by Project Censored

According to the Bureau of Indian Affairs (BIA), “As of 1988 the federal govern­ment recognized and acknowledged that it had a special relationship with, and a trust re­sponsibility for, 307 federally recognized Indian entities in the continental U.S., plus some 200 tribal entities in Alaska.”

After centuries of persecution, ranging from genocide to racism, one would hardly expect the one and one half million American Indians to be relieved at the BIA statement. The following examples of how we still treat our Native American population could explain why they should be more cynical than relieved:

* American Indian Leonard Peltier, America’s internationally recognized political prisoner, remains in Leavenworth prison despite a “West 57th Street” segment which re­vealed how the FBI and the U.S. judicial system conspired to convict Peltier by falsifying evidence from the defense. Peltier was a “censored” nomination in 1985 & 1986.

* “Save a walleye, spear a pregnant squaw!” was the rallying cry last spring for hun­dreds of angry whites in northern Wisconsin as they confronted a small number of Chip­pewas who sought to exercise a federally protected right to spearfsh walleyed pike.

* A Supreme Court decision held that the First Amendment does not prohibit the federal government from permitting timber harvesting in, or constructing a road through, 25 square miles of Six Rivers National Forest traditionally used for religious purposes by ` Yurok, Karok, and Tolowa Indians of northwestern California.

* On June 30, 1989, A California Municipal Court Judge refused Eddie Hatcher, a Tuscarora Indian, a stay of his extradition to Robeson County in North Carolina where he took over a newspaper office to draw attention to the appalling conditions of lawlessness, corruption, drug trafficking and racial discrimination and violence against Indians and Blacks. He has ample reason to fear for his freedom and life in Robeson County where Indians are jailed at a rate three times that of whites and convicted at the rate of 94% and, he’s been told, the local authorities are out “to get him.”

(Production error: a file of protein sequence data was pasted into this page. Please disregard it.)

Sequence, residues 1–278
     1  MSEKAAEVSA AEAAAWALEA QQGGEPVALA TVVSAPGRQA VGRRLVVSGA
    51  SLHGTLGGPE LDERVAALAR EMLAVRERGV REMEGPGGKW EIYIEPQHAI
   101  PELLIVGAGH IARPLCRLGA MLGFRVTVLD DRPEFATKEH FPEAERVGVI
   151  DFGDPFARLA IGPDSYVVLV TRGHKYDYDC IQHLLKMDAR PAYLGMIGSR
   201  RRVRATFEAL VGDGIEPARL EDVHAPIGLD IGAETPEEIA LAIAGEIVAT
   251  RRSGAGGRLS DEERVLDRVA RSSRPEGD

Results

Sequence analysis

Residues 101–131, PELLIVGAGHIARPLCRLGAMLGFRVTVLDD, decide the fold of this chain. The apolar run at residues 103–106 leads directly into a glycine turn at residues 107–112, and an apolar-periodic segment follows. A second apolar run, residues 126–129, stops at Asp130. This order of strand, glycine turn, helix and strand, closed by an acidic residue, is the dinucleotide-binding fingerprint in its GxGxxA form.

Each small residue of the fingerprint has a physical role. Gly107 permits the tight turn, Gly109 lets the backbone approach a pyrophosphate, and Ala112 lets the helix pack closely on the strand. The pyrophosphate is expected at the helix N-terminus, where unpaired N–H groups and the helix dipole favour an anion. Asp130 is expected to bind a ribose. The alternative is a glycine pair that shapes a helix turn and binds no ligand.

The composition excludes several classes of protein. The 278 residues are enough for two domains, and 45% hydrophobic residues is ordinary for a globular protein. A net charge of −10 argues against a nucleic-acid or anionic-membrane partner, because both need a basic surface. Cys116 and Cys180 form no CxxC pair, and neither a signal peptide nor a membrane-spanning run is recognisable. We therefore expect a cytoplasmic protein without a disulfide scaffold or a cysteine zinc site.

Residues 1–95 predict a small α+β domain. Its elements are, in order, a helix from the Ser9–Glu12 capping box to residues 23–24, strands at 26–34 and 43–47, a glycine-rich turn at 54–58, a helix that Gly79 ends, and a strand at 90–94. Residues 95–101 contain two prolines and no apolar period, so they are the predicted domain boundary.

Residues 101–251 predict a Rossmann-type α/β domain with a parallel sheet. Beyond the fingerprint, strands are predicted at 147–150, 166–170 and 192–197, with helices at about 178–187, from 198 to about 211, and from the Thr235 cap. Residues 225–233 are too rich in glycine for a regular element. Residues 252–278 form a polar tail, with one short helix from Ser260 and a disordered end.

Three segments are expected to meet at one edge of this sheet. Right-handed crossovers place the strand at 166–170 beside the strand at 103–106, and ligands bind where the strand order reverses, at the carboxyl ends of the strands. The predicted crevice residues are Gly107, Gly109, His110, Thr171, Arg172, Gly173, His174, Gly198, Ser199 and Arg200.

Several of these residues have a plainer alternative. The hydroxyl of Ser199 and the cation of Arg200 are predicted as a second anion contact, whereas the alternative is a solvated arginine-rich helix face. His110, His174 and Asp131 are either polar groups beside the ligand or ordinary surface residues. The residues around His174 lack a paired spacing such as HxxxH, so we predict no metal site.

* After more than a decade spent protesting his innocence, Patrick Hooty Croy, a Shasta/Karuk Indian in northern California, was granted a change of venue, by the Califor­nia Supreme Court due in part to community racism, and finally a new trial.

* The St. Regis Mohawk Reservation, on the St. Lawrence River near Massena, New York, has been defiled by chemical garbage from General Motors, Reynolds Metal, and other corporate polluters.

* Finally, Indians and non-Indians alike feel that the personal growth movement is increasingly exploiting sacred American Indian spiritual practices and shamanism for profit. Some angry Indians liken the distortion and exploitation of their beliefs to the genocide and appropriation of land and resources of the past.


SOURCE: TREATY COUNCIL NEWS 710 Clayton Street, San Francisco, CA 94117, DATE: August 1989


SOURCE: THE NATION 72 Fifth Avenue New York, NY 10011, DATE: 6/19/89




55 West Oak Ridge Drive Hagertown, MD 21740, DATE: March/April 1989



SOURCE: UTNE READER 1624 Harmon Place Minneapolis, MN 55403, DATE: July/August 1989



COMMENTS: A resurgence of racism directed at the nation’s native American population is beginning to be reported in alternative publications such as those cited above but has not yet caught the attention of our mainstream media. Another aspect to the issue was provided by Mordecai Specktor, who wrote about the exploitation of American Indian spiritual practices. He said his article generated more controversy than anything he’d ever written. “It seemed to mine a vein of bad conscience among non-Indians who are looking for a spiritual path and believe they have the right to trifle with traditions from another culture. Like earlier generations of imperialists who came to this land and murdered its inhabitants and exploited its resources, today’s spiritual imperialists are trampling on the ceremonies and sacraments that Indians have preserved.”

Review Article with Credder

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